Wellington – the capital of New Zealand is built around a sheltered bay and demonstrates all of the benefits of a town with an outside life for most of the year.
Sheltered bays are close to the city
and the rich live in houses with views over the sea which cannot be valued highly enough.
In the distance is a first view of South Island, some three hours sailing by a circuitous route. If you look hard at the picture, you can just make out some mountains on the horizon.
Sam – here is a picture of a floating crane we saw in the harbour in Wellington.
Wellington has its share of graceful buildings including
the largest wooden structure in New Zealand, a rather grand four storey building
the Beehive – aka Parliament Building
The usual array of rather nice Victorian houses, including
one which used to be lived in by the author Katherine Mansfield and is now set up as a museum about her. The inside of the house is also a rather nice example of how a house would have looked in the 1900’s with most of the rooms laid out and furnished in an appropriate style.
A child’s bedroom
There is a very nice drive around the coast line starting on one side of Wellington and ending on the other. As you drive around, you pass through one small village settlement after another, originally isolated villages, now commuter suburbs or holiday homes for Wellington.
Those with money have built their houses on the hillside and must have spectacular views.
Along the road side are houses and also remains of the past - here some boathouses showing all the signs being built during the Victorian era,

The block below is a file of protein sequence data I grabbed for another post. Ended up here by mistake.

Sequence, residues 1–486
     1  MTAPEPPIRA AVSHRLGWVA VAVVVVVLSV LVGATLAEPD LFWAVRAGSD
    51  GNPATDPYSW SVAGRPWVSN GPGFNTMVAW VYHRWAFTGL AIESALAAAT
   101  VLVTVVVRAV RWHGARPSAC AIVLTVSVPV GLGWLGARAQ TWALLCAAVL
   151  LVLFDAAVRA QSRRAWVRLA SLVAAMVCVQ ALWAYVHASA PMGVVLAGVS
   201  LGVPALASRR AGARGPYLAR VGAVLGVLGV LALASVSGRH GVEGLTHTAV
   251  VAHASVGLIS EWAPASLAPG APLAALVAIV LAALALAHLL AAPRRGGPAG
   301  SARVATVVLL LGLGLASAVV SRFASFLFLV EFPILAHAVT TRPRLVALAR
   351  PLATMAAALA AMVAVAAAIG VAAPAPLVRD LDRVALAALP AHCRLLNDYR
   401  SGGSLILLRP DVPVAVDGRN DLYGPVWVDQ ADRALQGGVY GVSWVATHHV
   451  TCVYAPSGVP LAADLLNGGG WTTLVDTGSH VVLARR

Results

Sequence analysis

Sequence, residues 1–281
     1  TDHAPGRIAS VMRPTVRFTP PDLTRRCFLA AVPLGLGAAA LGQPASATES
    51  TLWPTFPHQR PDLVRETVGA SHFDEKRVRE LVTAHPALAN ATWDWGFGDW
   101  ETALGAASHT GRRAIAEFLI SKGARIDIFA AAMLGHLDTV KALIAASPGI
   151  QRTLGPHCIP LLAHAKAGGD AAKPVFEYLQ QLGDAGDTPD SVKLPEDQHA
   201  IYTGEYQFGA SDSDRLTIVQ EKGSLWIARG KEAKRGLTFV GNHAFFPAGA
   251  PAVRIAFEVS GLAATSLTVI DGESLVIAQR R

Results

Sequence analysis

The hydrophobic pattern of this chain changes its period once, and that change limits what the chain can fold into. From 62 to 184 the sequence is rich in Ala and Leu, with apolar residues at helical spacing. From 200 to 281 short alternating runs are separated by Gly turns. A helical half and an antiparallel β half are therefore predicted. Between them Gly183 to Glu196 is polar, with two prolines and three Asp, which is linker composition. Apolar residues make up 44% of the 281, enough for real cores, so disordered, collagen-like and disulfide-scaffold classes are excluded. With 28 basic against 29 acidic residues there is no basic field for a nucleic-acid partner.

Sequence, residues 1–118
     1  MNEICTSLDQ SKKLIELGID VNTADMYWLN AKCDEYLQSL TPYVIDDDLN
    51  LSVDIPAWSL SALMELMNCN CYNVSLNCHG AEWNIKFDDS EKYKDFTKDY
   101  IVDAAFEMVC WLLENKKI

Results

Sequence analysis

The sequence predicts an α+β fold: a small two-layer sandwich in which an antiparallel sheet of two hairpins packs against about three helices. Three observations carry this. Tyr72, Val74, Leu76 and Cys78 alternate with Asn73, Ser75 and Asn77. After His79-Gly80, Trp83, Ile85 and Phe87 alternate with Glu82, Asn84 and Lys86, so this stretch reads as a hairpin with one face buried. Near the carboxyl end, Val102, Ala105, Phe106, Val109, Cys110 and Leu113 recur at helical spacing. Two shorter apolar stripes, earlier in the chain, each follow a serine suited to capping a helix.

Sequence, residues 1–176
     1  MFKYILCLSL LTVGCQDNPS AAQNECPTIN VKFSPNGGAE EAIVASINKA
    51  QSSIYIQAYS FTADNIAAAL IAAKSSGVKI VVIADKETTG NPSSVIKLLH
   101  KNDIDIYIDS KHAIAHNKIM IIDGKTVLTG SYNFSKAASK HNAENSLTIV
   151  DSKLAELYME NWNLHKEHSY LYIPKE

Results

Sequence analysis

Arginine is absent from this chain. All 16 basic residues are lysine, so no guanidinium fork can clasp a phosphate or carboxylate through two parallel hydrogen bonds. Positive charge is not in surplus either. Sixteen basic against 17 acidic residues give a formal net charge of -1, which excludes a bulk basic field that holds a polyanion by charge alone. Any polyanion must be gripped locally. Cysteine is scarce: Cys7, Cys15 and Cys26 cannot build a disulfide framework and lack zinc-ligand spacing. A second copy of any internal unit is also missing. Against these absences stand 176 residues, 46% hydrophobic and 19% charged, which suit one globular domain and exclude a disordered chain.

here a sign related to an unusual road hazard – apparently these penguins live under houses around the bay.
a tourist relaxing in the sun
The only other visit during our day there which I shall describe is an absolute gem – the National Museum “Te Papa Tongarewa” which translated from Maori means “The Container of Treasures”. This museum contains items from across New Zealand and covers its history past and present and all aspects of its flora and fauna. Its content in detail can be explored through its web site – click here to see it.
Built some 13 years ago, it was for us a particularly nice example of perhaps of how a museum should be run in order not to be carry some of the negative views that the word “museum” can sometimes bring.
As soon as you walk through the front door, you are greeted by a member of staff and told what events are taking part that day and asked if you need any help. If you stop to breathe anywhere in the museum and look a bit lost, you are instantly pounced on and offered assistance. It is not a quiet place, throughout the museum
a giant animatronic puppet
you can hear children enjoying themselves and virtually everything is hands on.
We had our own personal tour from one of the staff – Dennis who spent over an hour taking just the two of us
around the museum, showing us not only how it was organised but also some of the key treasures. As he was leaving us, he then suggested certain exhibits we might want to visit immediately including:
the largest squid on display in the world (not a good photograph but you try taking a picture of a giant squid many metres long, the tentacles are at the bottom)
and an enormous ammonite plus Maori treasures (including some unique musical instruments) and many exhibits dating from the colonial era.
The interior design is very open – this is a view down the atrium also showing a Maori canoe used for ferrying goods. One could spend hours at the museum – we had only half a day.
Off to South Island tomorrow.